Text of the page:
Water is always flowing. And so is money. Even if you have cash sitting in a box, your money is moving.
How can this be?
Think of your business (which is your real estate) and all the ways that money moves in and out, much like a body of water. The best type of investments are those that are like a reservoir with a steady water supply flowing in and filling up the reservoir. The water comes in, is collected, and released slowly for expenses, or perhaps all at once upon sale of the property. But even in this system there is a leak. Just as few things are water tight, so even the best property is not perfectly cash flow efficient. There is inflation, changes in property and income taxes, loss of tenants, and so on that create holes in your cash reservoir. Same for that cash stashed in a box-inflation is like a slow leak on the value of your non-working cash.
This is why understanding and managing cash flow is of the utmost importance in personal and business finance. Otherwise, your cash flow can quickly change direction and rather than watching your cash reservoir fill, you are suddenly watching it draw down and dry up. But even worse, you are likely going to have to find other sources to keep the cash flowing to cover your obligations, like debt payments.
While this concept is very simple, many investors (including myself) somehow managed to dismiss this basic principle of how money is made, and instead put complete faith in the rising tide of appreciation to more than cover our negative cash flows because real estate never goes down in value, right? Today, we all know that the huge IF, as in "if real estate appreciates, we'll make money" was the silent killer. (I'll be writing more about how IF will kill your business in another post). Couple this with another silent killer IF, as in "if rental rates increase at least 5% annually", but they don't - and in fact rental rates sink, and you have yourself a serious cash flow problem.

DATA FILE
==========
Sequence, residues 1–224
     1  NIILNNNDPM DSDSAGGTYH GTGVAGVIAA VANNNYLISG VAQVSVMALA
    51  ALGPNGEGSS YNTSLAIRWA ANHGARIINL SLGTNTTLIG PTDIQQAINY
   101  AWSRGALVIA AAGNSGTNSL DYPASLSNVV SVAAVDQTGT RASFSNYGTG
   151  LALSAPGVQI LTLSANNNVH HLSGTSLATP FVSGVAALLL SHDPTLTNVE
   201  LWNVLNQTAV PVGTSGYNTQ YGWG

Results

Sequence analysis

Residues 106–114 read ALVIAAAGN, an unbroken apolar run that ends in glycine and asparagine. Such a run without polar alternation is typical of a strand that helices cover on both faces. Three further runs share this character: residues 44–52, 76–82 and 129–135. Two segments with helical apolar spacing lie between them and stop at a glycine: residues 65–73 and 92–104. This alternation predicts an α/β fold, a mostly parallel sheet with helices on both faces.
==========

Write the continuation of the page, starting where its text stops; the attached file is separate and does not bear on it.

I learned this lesson personally, but fortunately not too painfully. After spending what seemed like a lot of time looking at property (a huge time waster and backwards way to find investment property - yet another future topic of how I find, analyze, and purchase property), which only makes sense if you're looking for a personal residence, we purchased a studio condo in downtown Portland. At first it was good. Our rents were increasing. Our tenants paid on time and left the place clean. But we still weren't making money. Our rental rate rose from $850 a month to $950 a month over two years. We had some appreciation. Then 2008 came. The condo market got really soft (leaving us with no equity), the rental market took a dip (forcing us to bring rent down to $775), and HOA and property taxes continued to climb. Ugh. After taxes, we weren't losing much but there was no way out without walking away from our 20% down. Selling would have left us with a zero net gain. I mean, zero. No cash to take home. This is an especially bitter pill to swallow when unclogging drains or performing other unsavory repairs, all the while remembering that I'm not making any money on this deal.
Now, I always keep cash flow in the front of my mind because I like getting checks a lot more than writing them.
Hi! I'm Christine Kwasny.
Why Fall Line?
Fall Line sums up what we live for - skiing and mountain biking. The goal is to maximize our ability to follow our bliss through work that is personally and financially rewarding. So far, so good!